On of the intangible tangibles of my humble job is seeing a book move from an idea to a published product. A little bit of joy rained down on my day yesterday as my first Routledge book appeared. It also helped that this is an important book and no matter what the reader feels about the conclusions, it will be crucial in getting the question out in the open. John Portmann’s The Ethics of Sex and Alzheimer’s places a face squarely on an issue that will only increase as time without a cure for Alzheimer’s grows. As a culture, we don’t like to acknowledge aging. We know it’s happening constantly, but we somehow think if we avoid it long enough, it might somehow, miraculously, disappear. Portmann, an ethicist and religious studies scholar at the University of Virginia, puts the question boldly: what happens to marriage when one of the partners no longer recognizes the other? This is a thorny issue. And that’s an understatement. We are conditioned to assume that wedding vows, with their origins in an era before people lived long enough for Alzheimer’s to become a plague, must still apply. Portmann isn’t so sure.
I won’t spoil the book for you by giving away the conclusions of his carefully argued case, but I would like to consider for a moment the importance of ethics. The religion in which I was reared knew little in the way of uncertainty about right and wrong. Gray areas were scarce, and often diabolical. I’ll never forget when I took my first ethics course as a religion major. It was if someone had thrown open a door to a sunny Arctic day while I was seated in a warm, dark den. It was blinding. And disorienting. I hadn’t thought of issues in that way before. Simple answers wilted and died by the thousands. Figuring things out, ethically, was costly and required an awful lot of mental energy. No matter which answer I chose, there was a good case for an alternative choice to be made. Morality is seldom black and white. That’s why when Dr. Portmann pitched me his book, he had my attention from page one.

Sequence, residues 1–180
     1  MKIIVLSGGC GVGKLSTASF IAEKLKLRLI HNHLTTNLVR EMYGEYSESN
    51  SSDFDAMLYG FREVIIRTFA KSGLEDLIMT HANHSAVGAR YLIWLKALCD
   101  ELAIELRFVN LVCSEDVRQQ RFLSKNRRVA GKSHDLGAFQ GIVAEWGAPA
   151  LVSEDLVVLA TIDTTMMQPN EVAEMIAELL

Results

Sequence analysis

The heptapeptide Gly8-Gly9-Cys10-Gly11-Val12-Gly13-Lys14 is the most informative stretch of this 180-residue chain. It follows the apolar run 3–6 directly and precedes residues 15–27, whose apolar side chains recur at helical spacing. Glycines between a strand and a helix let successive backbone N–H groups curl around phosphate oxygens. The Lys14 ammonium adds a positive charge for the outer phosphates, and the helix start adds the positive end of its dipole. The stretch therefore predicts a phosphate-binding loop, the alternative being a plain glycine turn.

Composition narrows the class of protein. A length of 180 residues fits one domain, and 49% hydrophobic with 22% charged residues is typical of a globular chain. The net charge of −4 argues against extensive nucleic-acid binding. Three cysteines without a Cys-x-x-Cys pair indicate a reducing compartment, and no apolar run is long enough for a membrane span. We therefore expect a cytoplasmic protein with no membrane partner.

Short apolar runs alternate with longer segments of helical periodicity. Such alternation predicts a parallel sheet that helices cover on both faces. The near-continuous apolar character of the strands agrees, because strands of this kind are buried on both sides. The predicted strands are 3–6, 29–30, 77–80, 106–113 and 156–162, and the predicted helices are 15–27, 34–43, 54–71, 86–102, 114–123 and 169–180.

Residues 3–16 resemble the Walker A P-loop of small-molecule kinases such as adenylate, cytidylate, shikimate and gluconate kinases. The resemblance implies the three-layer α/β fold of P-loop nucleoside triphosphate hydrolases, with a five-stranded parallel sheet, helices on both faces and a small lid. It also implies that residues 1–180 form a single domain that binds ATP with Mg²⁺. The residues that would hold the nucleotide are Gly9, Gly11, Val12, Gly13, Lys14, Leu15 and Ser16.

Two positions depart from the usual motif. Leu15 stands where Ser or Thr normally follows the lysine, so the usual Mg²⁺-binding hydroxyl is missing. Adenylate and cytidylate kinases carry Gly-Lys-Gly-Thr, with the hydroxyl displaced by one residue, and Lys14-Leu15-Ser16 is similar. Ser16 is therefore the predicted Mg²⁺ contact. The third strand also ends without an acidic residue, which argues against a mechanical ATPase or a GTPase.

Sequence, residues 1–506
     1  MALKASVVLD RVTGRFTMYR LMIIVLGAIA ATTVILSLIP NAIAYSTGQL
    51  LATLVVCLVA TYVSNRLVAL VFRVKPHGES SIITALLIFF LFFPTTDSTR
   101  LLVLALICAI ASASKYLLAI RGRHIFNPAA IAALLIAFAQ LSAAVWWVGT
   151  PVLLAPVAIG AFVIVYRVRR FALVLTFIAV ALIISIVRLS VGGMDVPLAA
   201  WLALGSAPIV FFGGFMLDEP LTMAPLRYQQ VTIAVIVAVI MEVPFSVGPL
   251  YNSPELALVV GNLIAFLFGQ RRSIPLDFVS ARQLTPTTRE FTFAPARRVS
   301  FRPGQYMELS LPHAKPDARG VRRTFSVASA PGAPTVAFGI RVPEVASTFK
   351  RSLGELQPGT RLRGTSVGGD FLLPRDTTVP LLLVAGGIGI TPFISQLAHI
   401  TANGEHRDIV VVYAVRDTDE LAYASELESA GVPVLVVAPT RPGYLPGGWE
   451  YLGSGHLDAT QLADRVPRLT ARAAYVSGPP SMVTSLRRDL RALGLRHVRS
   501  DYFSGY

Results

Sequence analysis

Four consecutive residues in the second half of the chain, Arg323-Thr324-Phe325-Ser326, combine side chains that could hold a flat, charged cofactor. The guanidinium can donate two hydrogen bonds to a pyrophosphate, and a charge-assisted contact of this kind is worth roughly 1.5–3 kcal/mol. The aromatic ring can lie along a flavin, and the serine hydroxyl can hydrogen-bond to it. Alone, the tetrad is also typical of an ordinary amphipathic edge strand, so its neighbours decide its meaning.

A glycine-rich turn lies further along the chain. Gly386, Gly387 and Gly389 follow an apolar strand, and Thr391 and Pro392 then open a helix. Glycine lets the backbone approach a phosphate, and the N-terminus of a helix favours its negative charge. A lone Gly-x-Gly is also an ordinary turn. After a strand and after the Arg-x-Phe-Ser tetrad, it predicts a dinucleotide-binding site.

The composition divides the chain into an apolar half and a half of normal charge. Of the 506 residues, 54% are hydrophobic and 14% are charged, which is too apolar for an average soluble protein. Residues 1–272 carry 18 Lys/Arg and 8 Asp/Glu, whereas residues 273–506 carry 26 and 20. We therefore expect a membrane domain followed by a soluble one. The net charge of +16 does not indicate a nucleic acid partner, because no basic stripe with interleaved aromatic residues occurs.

Ethics is the process of trying to figure out the best way to decide on the right course of action, given any alternative. Little ethical issues crop up constantly: should I pretend I didn’t see that homeless person stealing an apple? Should I tell that person who got the job that I wanted when he’s got a mustard splotch on his beard he can’t see? Should I hold the elevator for that woman down the hall when I really want to get to work a few seconds early today? Issues-issues everywhere! Alzheimer’s forces the issues. We know it is right and good to continue to care for the sufferer. It’s no sin to forget who you are or when you are. But what of the partner who’s not ill? Immediately our moral sensibilities kick in. And with a population rapidly aging (I know I’m doing my part in that department) the question will likely continue to press on our collective consciences. Ethics reaches its fingers into those dark spaces we’d rather not put our hands. There might be spiders in there, or bugs. It might be something far worse. Not everyone will agree with Portmann’s answers, but I think we can all agree that he has raised a very necessary, if prickly question.